July 17, 2019 / 2:41 PM / 4 months ago

Cannonball highlights how close Napoleon came to victory at Waterloo

Army veterans, who recently served as soldiers in war zones use metal detectors on the battlefield of Waterloo as part of archaeological research campaign called "Waterloo Uncovered", which aims to explore the battlefield of Waterloo, in Waterloo, Belgium July 16, 2019. REUTERS/Johanna Geron

WATERLOO, Belgium (Reuters) - A cannonball discovered this week by archaeologists provides a further indication of how close Napoleon Bonaparte came to winning the Battle of Waterloo in 1815.

The 3 kilogramme (6-pound), rusty cannonball was found on Monday near the site of a field hospital about 600 metres behind Anglo-Allied lines on the battlefield in Belgium.

Tony Pollard, the head archaeologist at the site, told Reuters Television he believed it was fired by the French army, another sign of near Napoleon’s troops came to victory in the battle described by the Duke of Wellington as a close-run thing.

“It represents the point at which Napoleon came closest to winning the battle of Waterloo, so it’s an amazing discovery,” said Pollard, director of the Centre for Battlefield Archaeology at the University of Glasgow.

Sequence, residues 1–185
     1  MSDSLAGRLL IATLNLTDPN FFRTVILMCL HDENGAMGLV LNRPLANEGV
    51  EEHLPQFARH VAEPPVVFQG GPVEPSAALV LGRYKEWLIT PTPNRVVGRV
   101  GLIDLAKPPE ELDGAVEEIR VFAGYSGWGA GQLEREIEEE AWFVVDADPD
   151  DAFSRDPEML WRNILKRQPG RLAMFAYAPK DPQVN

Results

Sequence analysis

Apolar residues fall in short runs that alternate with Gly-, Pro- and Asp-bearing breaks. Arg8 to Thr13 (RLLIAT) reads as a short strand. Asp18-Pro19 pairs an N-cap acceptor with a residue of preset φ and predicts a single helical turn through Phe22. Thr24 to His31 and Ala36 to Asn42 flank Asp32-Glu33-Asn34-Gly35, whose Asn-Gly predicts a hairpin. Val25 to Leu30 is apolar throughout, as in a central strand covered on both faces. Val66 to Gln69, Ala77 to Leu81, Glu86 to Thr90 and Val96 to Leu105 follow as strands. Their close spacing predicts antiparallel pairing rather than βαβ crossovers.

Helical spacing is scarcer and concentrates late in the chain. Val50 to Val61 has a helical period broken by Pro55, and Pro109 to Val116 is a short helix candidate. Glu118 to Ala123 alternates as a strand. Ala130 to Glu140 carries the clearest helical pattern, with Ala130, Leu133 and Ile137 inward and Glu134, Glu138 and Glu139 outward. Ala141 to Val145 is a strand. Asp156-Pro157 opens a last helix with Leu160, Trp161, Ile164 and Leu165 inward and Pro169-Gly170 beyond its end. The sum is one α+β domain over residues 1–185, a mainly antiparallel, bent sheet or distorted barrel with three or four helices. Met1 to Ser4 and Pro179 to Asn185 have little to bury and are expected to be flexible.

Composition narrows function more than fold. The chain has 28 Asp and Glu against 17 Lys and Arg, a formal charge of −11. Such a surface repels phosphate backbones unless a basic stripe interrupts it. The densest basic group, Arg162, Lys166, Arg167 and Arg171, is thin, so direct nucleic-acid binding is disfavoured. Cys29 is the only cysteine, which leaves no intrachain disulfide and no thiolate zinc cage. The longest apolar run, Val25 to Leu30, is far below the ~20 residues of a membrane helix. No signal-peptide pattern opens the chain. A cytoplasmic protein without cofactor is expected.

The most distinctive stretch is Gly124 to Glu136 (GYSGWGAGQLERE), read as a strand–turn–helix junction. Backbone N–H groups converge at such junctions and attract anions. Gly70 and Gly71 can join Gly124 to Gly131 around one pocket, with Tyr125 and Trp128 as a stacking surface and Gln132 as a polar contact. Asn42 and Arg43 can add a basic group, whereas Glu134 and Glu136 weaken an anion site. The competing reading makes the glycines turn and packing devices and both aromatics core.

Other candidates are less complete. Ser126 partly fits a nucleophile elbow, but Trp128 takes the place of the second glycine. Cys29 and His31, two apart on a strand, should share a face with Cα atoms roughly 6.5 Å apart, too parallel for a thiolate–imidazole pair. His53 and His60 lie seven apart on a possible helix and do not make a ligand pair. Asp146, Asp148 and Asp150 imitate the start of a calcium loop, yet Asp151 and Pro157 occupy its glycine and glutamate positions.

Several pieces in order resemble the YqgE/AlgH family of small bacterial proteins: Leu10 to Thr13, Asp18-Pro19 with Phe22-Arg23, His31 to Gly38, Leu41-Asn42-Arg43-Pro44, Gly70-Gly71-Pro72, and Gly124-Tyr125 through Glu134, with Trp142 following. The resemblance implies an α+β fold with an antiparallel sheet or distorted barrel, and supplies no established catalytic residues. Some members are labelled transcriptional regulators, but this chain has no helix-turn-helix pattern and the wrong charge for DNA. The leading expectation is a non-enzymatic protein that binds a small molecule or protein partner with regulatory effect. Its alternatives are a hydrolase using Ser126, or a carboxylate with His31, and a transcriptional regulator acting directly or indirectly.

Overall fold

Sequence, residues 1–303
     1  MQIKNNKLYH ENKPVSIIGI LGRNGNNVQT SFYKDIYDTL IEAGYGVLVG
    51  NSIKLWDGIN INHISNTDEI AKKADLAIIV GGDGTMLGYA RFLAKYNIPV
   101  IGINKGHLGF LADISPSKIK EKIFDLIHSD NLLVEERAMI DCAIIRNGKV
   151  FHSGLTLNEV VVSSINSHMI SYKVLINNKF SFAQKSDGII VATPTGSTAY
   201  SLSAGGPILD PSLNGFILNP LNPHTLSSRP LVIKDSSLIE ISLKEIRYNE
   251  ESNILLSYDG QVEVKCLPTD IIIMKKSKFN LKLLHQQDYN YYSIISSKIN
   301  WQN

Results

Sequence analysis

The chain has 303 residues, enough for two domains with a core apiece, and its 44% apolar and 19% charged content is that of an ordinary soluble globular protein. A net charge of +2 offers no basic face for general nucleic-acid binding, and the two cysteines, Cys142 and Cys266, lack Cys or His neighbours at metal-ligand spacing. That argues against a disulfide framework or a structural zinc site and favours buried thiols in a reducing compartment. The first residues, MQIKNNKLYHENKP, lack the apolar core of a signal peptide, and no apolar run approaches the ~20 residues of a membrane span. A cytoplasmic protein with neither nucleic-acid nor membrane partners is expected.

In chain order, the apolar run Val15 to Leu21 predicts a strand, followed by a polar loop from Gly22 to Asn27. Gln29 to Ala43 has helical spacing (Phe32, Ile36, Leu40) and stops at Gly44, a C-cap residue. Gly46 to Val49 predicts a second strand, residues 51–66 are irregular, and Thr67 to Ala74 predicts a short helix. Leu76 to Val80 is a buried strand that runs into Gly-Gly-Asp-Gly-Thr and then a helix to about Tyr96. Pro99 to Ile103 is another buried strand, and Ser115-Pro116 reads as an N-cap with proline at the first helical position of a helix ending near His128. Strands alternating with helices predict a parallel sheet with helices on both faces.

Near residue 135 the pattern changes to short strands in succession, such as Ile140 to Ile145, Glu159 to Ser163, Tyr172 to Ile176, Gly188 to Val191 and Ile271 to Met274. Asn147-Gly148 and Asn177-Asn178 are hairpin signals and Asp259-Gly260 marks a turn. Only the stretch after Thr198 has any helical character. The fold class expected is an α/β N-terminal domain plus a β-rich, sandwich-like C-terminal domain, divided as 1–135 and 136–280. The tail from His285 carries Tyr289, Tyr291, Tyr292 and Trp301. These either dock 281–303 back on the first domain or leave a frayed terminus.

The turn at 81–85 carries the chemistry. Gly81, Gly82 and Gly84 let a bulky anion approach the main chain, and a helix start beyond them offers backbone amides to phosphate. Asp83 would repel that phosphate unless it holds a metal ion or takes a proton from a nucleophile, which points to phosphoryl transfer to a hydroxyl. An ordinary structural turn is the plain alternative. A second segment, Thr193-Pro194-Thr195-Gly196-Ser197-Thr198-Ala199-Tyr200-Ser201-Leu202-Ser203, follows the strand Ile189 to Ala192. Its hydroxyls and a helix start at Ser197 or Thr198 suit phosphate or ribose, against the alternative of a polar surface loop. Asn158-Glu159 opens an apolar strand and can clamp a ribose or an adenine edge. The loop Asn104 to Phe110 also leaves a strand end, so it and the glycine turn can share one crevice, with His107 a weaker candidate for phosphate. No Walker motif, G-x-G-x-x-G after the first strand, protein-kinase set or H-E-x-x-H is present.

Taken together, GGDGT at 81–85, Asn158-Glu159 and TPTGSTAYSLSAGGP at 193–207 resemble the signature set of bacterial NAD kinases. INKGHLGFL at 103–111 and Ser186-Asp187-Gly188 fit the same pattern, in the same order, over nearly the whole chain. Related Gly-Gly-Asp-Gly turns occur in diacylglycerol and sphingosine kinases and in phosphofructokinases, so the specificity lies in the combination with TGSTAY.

He is also leader of a team from UK charity Waterloo Uncovered that carries out periodic excavations at the site.

The team found the cannonball while excavating the site of a field hospital, where they found unexpected evidence of heavy fighting in the area and some human remains from amputations.

The discovery of two lower leg bones confirmed the site was used as a hospital in the battle to treat about 6,000 soldiers during the battle, Pollard said, adding the treatment included hundreds of amputations.

Tens of thousands of soldiers died at the battle of Waterloo, which saw Bonaparte’s French army go up against British, Belgian, Dutch, German and Prussian troops.

Bonaparte abdicated as emperor of France a few days after the French defeat at Waterloo and was exiled to the South Atlantic island of St. Helena, where he died in 1821.

Writing by Daphne Psaledakis; editing by Philip Blenkinsop and Susan Fenton

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